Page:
Ray Kinney—Someone You Should Know

May 2016 View more

NMAG0516_SYSK_nm Ray Kinney 1_800pxHis resume paints him as a poster child for the nonprofit world. He is a self-starter who became a successful business leader despite dropping out of college, and yet he has a degree. He helped start the Naperville Development Partnership, is a past president of the Naperville Jaycees and has helped launch Ribfest for the past 29 years with the Exchange Club. Ask him what he would like his legacy to be and he says “a good father first.” If you don’t know Ray Kinney, you simply don’t know Naperville.

You’re a very successful commercial printer and partner of Maclyn Group, so why do you do so much volunteer work? 

I’ve always felt an extra obligation to give back to the community I have been living in for over 40 years. It’s a big part of who I am and of my employees. Somebody’s got to do it and I enjoy it.

Volunteering and working have always been connected for you. How did that start?

When I was 18 years old, I started working as a shop boy at the Naperville Sun. I would help layout the ads for print. I also served on the membership committee for the Naperville Chamber of Commerce. I’d like to say in hindsight I knew what I was doing, but I just did it because I respected the people on the chamber. I joined the Jaycees and then moved on to help plan the first Ribfest. I realized that by volunteering, I was learning critical skill sets like motivation and management.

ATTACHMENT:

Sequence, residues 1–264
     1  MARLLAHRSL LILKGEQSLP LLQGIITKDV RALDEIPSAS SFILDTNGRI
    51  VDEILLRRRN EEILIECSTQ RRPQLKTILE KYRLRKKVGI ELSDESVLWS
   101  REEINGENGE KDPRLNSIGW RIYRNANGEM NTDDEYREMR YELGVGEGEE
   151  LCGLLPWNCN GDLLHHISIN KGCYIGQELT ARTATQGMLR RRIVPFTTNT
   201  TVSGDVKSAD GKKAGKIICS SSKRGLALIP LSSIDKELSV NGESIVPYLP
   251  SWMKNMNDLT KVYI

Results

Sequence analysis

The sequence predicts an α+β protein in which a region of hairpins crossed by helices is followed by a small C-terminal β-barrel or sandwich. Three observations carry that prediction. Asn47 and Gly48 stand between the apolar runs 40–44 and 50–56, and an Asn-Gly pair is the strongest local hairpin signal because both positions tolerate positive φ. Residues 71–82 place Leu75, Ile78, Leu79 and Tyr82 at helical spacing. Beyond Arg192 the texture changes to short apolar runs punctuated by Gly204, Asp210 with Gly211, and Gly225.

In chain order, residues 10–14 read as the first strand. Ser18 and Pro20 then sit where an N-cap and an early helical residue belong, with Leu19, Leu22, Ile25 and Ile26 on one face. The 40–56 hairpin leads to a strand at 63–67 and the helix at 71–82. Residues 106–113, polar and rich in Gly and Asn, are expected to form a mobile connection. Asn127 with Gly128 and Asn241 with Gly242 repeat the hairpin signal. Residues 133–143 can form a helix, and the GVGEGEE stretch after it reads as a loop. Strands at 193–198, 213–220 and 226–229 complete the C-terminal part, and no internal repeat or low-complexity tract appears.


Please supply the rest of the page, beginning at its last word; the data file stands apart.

What do you like the most about volunteering?

Being surrounded by people I like and respect. I ran the Last Fling when I was 25 years old. We worked hard, played hard, and had fun making a difference. I got a greater perspective about nonprofits and a by-product of that experience was that it helped grow my business.

I understand you’ve never finished college but you have a framed degree on your wall. Tell us about that.

I tried college after high school but it wasn’t for me, so I went to work instead. As I got more involved with the community, the President of North Central College Harold Wilde asked me to be on the Board of Trustees because he saw how I loved Naperville. I often told him I didn’t even have a college degree and in the end he said ‘quit saying that.’ I was the first honorary degree recipient at the college, with a degree in public service. I think North Central has benefited by being next to downtown Naperville and the city has benefited because the college is a big economic engine that has provided us with a ready and able workforce.

What would you like your legacy to be?

That I was a good father first. I’ve been married for 27 years and have three children, they’re all good kids. Also, that I was someone who made a difference and had a positive impact on the community. I learned from my parents to give people a hand-up, not a hand-out.

Do you have any regrets?

Maybe one regret is that I didn’t originally go to a college like North Central. If I had gone to a small liberal arts college, it would have been better for me. I also regret not making enough money to be more philanthropic. You shouldn’t really have time for regrets. Part of who I am is because I haven’t got a degree. Everyone I have met has made me who I am today.

Photo by Robyn Sheldon